the deadline for the compulsory repatriation of Afghan refugees until June 2019; it is tacitly accepted that this deadline will shift again as it always has in the past.
In Pakistan roughly 36 percent of all Afghan refugees live in refugee camps. The vast majority, 85.1 percent, are Pashtuns while the remaining are Hazaras, Tajiks and Uzbeks. One of the most vulnerable Afghan refugee groups is the ethnic Hazara, who face target killings and persecution by the Taliban and anti-Shia outfits not just in Pakistan, but also in Afghanistan. For the Hazara community in particular therefore, voluntary repatriation is not a viable solution.
The Pakistani government
has time and again stated that the time has come for all Afghans to return home
as they are a ‘financial burden.’ In the recent past, several terrorist attacks
in the country have also been attributed to the refugees. As a result, Afghan
refugees have been facing growing resentment. International news agencies and
human rights organizations often report violence and systematic harassment at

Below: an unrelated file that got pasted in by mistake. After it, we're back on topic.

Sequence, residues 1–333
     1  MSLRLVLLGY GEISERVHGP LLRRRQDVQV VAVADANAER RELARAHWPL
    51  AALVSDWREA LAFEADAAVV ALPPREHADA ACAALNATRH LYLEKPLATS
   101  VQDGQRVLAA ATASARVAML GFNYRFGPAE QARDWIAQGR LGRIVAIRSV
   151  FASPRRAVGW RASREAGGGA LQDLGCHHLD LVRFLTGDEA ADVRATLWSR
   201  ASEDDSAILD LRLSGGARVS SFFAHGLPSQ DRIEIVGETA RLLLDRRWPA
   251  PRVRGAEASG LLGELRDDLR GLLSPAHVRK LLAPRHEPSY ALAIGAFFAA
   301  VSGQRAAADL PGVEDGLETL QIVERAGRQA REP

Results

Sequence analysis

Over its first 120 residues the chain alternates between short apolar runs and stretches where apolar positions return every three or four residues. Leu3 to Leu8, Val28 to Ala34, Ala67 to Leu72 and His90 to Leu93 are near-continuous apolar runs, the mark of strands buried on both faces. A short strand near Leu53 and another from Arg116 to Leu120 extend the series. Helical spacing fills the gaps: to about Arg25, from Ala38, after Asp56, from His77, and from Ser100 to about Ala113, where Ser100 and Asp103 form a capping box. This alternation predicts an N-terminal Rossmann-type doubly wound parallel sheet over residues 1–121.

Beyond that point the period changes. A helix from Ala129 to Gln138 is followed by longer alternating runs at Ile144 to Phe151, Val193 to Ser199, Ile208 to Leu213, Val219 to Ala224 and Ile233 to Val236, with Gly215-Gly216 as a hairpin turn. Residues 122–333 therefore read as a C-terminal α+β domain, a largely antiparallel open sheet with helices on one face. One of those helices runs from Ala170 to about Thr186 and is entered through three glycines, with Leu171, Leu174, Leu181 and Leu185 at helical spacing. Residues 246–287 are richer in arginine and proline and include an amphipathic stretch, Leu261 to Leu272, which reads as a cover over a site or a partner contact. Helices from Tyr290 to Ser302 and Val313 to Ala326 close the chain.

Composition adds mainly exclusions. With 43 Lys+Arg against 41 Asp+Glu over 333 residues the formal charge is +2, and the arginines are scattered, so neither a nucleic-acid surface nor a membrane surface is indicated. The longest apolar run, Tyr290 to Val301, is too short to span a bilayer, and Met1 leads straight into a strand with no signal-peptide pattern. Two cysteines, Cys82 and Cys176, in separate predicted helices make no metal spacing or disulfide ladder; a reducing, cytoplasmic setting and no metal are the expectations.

the hands of law enforcement agencies. Something that has been categorically
denied by the UNHCR’s mission in Pakistan as well as some of the Afghan refugees
InfoMigrants spoke to recently.
Critics argue that Afghan refugees bear the brunt of deteriorating relations between Islamabad and Kabul as well as the fact that following over 3 billion dollars worth of investment, Pakistan’s arch rival India is growing in influence in Afghanistan.
Afghan refugees in Iran
Iran is a signatory to the
1951 Refugee Convention and its 1967 Protocol. Over a million Afghan refugees
in Iran have residency permits. They have ‘Amiesh Cards’ which must be renewed annually for a small fee.
These cards give them the right to stay in Iran, health insurance and free
education for their children. Aghan refugees are allowed to work in specific
fields, but not in civil services. They have limited rights concerning the
ownership of property.
Approximately 2 million Afghans live in Iran without papers. They are constantly at risk of deportation and exploitation.
Hazaras and Tajiks form the majority of Afghans living in Iran - over 70% of the total refugee population. Most Afghan refugees in Iran reside in urban areas, with only about 3 percent living in settlements located in rural areas. The capital Tehran has the highest concentration of Afghan refugees in Iran – according to the UNHCR roughly 200,000 of them live in Tehran.
Human Rights Watch (HRW) has previously pointed out that Afghan refugees face issues such as physical abuse, detention in unsanitary and inhumane conditions, forced payment for transportation and accommodation in deportation camps, forced labor and forced separation of families in Iran. More recently, the economic conditions in general have also triggered increased voluntary repatriations.